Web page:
Dalrymple has been a first-hand witness to this, and believes Brexit has only worsened matters. “I see this in India, where successive British high commissioners come out believing that India was Britain’s great ally, particularly after Brexit, with this idea that suddenly we can go back to empire and be embraced by some long-lost love and waltz off into the sunset — but it’s pure fantasy, born from a complete amnesia and ignorance.”

The most important possible tool to an understanding of the past, Dalrymple says, is visiting places and understanding what they are today. This is all the more significant as India approaches the 75th anniversary of its independence from the British Raj. “I’m very suspicious of people who write chunks of history about places they’ve never been to. It’s as vain an endeavour as writing about something without sources from all the different positions, or without trying to access both sides of the story linguistically.”


Mountain View

Whilst studying History, I also lived through it

When looking to the future, he remains cautious: “With politics, it’s the art of the possible. We’re not yet at a place where the major issues like restitution can really be debated, because most people simply aren’t aware of them. It’s only just beginning to change.”

He points to the success of Sathnam Sanghera’s Empireland and Shashi Tharoor’s speech at the Oxford Union as examples of valuable milestones, but maintains that there is still a long journey ahead. “It’s not that anyone is malignly misrepresenting history, it’s just that they’ve never been taught it. There seems to be a knee-jerk reaction that this is some terrible battalion of woke traitors defaming our imperial heroes rather than a mature reaction to real history. But I think if you have even a basic factual understanding of the history, it’s very, very difficult to interpret matters in any other light.”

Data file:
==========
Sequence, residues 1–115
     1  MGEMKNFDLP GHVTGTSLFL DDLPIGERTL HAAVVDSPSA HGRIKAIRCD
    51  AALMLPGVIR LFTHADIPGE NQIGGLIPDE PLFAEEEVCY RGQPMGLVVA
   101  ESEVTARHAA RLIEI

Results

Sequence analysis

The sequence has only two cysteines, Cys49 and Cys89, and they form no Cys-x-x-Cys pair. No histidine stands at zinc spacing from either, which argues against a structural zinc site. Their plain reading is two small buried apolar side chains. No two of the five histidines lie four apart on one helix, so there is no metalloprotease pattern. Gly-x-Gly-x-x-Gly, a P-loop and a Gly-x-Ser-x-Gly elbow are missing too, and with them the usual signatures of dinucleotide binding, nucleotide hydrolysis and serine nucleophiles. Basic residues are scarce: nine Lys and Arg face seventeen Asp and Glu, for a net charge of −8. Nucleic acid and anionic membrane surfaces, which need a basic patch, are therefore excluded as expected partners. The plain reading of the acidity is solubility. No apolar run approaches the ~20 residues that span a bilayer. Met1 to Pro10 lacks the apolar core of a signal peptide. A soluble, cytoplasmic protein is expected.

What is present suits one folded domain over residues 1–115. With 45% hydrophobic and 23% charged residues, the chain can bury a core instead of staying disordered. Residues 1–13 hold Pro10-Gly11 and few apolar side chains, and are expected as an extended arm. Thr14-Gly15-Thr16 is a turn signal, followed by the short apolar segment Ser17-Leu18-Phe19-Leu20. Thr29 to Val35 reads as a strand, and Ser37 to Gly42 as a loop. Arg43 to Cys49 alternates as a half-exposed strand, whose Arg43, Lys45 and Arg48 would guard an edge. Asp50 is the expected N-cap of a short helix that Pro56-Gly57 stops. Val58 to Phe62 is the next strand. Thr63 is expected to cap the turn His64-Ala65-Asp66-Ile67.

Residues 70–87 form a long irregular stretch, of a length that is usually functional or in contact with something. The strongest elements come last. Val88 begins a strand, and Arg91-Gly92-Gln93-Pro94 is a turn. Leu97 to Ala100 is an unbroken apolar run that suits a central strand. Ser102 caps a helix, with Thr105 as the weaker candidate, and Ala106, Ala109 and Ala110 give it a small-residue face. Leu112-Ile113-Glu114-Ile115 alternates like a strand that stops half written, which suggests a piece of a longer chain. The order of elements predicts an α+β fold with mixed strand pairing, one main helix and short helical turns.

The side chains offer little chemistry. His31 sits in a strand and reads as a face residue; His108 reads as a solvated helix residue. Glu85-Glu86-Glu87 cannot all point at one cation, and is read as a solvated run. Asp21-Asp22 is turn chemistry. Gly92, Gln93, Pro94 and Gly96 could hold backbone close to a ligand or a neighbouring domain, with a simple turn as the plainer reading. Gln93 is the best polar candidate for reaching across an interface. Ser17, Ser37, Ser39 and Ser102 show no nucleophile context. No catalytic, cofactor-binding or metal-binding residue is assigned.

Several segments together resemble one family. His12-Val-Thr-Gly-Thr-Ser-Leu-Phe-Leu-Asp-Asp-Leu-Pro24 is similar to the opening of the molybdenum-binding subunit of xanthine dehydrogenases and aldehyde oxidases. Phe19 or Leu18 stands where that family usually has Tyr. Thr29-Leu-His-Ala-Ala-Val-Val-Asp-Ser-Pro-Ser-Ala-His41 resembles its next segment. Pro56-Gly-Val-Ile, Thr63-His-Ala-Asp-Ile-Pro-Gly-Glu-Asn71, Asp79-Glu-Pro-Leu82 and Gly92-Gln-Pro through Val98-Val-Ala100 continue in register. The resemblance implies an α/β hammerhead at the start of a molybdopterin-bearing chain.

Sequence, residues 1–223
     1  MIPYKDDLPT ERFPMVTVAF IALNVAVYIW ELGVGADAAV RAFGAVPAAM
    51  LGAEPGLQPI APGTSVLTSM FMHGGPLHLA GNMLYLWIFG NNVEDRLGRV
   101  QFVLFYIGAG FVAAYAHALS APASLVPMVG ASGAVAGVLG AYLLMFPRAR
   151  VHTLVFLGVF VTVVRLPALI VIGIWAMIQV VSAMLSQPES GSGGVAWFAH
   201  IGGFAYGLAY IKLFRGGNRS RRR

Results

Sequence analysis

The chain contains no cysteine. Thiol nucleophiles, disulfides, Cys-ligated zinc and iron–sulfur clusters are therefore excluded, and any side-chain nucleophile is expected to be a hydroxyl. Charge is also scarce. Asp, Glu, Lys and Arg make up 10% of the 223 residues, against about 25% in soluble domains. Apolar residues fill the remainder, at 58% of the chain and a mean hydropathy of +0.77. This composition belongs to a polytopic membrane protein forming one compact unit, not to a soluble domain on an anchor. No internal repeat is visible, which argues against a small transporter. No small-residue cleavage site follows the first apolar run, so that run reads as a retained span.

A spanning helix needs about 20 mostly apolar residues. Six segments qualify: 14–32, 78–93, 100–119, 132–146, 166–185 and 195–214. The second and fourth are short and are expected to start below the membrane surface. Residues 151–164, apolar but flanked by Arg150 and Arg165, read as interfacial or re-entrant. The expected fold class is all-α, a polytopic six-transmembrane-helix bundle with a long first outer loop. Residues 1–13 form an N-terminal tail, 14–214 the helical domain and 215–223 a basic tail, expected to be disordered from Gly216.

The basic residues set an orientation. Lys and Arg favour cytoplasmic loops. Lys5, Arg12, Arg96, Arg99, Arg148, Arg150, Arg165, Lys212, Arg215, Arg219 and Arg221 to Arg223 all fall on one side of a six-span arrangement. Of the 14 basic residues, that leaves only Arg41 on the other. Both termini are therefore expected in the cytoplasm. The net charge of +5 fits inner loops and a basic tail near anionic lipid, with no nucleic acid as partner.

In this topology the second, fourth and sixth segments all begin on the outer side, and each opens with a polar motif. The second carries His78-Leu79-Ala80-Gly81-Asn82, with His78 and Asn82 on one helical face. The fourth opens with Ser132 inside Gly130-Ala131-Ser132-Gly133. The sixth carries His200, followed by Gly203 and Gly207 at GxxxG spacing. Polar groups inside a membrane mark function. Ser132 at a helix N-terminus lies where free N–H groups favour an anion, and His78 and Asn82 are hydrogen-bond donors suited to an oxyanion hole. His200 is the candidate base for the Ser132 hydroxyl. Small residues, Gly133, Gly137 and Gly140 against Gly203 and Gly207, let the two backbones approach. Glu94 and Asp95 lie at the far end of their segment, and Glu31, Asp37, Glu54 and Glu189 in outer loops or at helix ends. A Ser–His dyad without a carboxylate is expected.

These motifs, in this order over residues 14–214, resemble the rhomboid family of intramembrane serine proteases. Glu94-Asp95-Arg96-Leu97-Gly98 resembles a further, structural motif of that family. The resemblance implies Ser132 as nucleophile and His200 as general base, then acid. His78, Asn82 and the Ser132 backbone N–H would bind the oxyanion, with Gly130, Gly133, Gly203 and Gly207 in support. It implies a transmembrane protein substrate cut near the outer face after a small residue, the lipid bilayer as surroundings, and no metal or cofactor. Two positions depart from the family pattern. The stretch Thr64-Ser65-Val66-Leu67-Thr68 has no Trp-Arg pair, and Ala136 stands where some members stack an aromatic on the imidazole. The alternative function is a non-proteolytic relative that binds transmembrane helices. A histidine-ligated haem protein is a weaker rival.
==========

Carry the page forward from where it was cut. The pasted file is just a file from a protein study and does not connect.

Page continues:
“It was very much at Cambridge that I read, for the first time, the history that I am now writing”

Before our Zoom call ends, I ask Dalrymple about his years as an undergraduate at Trinity College. He speaks fondly of Cambridge, recalling the inevitable post-finals lassitude (“as though the blood had been drained from one’s body”) and his time as Varsity’s Editor-in-Chief (“Stop press, we called it in those days, and we used to have these all-night paste-ups before computer times”).

“It was very much at Cambridge that I read, for the first time, the history that I am now writing. It was also Trinity travel grants that paid for my initial trips abroad. That, in a sense, was money well-invested because it got me off to these places, made me fascinated with them, made me fall in love with the history and the art and the architecture, and kept me propelled in that direction.” Here he pauses and chuckles. “Without any of that I might have ended up as a doctor in suburbia, who knows.”